I first came upon this story five years ago as The Girl and I prepared for the arrival in the early Spring of our third child, code named “The Grommet”. To be quite blunt, the Grommet was an “oops” baby. We had been so organized with the first two kids, we simply took our birth control pills for granted as an effective method of fertility control. Both times it was simply a matter of stopping the pill, doing the deed with gusto and “einz, swei, drei” we made a baby. After two successful reproductions we figured we were done. The Grommet’s egg was determined to get fertilized however, and so took advantage of a narrow window of vulnerability brought on by a change in our birth control prescription. Soon we found ourselves preparing for one more trip to the maternity ward and I began contemplating more permanent measures to combat our obvious fecundity. To tell the truth I had completely forgotten the NCAA Tourney that year, although my Dad’s Xavier Musketeers had a pretty good run. I was simply scheduling around the blessed event figuring it would be an extended period in which neither of us would be having any fun with each others genitals.
If you are like myself and wish to join the ranks of the sterile, what do you have to look forward to?
- In the US a vasectomy is a simple outpatient procedure covered by most insurance plans. Your regular doctor can probably direct you to a provider. The procedure takes about 30 minutes and is done with local anesthesia.
- Does it hurt? FUCK YES IT HURT!!! For about 5 seconds it was the absolute most painful thing I’ve ever had done to myself on purpose, and I’ve had a metric shitload of dental work done. On the other hand, the doctor who did my procedure testified that my reaction was a rare case and most patients report some pain but far less screaming. I evidently alarmed several other patients with the screaming.
- Recovery takes three to seven days, or until the Sweet Sixteen, whichever comes last. The first couple of days should be spent lying down as much as you can with an ice pack or some frozen veggies on your crotch. Wear a jock strap and avoid any strenuous exercise for about a week or so. Milk it as long as you think you can is my advice.
- Complications are incredibly rare, although one should be on the lookout for post-vasectomy pain syndrome. Five years later I still get a twinge now and again, nothing to really complain about. It is no where near as invasive or risky as a tubal ligation would be for your significant other.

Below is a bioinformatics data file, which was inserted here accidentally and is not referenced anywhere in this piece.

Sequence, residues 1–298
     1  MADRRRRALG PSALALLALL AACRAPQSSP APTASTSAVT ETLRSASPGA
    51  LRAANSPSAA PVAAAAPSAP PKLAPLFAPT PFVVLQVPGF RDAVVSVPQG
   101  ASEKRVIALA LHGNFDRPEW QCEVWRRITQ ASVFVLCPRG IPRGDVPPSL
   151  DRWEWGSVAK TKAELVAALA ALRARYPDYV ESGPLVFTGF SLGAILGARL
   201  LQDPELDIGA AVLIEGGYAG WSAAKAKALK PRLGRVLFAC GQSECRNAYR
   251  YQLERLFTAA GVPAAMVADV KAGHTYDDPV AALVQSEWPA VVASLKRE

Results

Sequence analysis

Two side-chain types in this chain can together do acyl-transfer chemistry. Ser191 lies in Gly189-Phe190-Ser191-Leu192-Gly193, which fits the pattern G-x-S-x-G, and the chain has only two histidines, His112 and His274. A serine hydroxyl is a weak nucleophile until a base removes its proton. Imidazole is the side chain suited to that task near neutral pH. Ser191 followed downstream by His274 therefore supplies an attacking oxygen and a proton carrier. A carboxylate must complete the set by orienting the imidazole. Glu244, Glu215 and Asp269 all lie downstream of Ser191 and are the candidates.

- Vasectomies are upwards of 99% effective. You will need a few months to clear all the sperm out of the system, so keep your other defenses up until that blessed day that you drop off a sample at the doctors office and get a result of “sterile”
- Make sure you are ready to take this step because vasectomy reversals are less certain, more invasive and more expensive as well as not likely to be covered by your insurance.
Matt McCarthy of Deadspin, in his excellent piece on the subject found one quote that I must concur with and share:
One person I spoke with, a father of two who recently underwent the procedure, described it as, “five seconds of agony in exchange for forty years of relief.”
So good luck with your brackets this year my friends. And if you are one of the happy few who are “taking it to the hole” this Spring, then happy couch surfing. And throw out those peas when you’re done.
Featured Image Credit: The Iowa Clinic
Mercer Bears Image: Grant Halverson/Getty Images
Man Getting Hit By Football GIF: The Simpsons Wiki
I guess I was fortunate – I didn’t have the immediate excruciating pain. However, I had lingering pain for a while. I described it as feeling at though I’d been kicked in the balls about four minutes ago… for four days.
Thanks for the warnings. This will one day be an experience I have, since it just makes sense, and is way more practical than a tubal ligation. Also, after all the pain of childbirth, I figure I’ll owe my wife some pain.